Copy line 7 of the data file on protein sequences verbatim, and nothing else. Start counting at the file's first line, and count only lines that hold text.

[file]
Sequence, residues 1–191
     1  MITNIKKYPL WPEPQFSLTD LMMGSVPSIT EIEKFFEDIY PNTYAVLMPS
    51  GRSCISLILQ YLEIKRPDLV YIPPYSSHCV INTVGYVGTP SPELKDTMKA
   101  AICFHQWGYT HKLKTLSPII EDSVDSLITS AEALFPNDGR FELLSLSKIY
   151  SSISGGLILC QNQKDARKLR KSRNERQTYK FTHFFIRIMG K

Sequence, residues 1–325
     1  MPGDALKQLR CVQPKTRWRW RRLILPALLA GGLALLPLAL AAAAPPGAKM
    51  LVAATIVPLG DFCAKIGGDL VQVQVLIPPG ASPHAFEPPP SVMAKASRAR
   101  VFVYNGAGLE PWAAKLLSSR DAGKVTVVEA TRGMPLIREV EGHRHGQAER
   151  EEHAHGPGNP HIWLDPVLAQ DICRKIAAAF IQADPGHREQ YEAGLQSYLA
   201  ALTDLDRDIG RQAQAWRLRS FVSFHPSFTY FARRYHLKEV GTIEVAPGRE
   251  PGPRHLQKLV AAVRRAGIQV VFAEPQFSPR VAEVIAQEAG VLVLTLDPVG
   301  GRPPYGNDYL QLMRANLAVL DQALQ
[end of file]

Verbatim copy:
     1  MPGDALKQLR CVQPKTRWRW RRLILPALLA GGLALLPLAL AAAAPPGAKM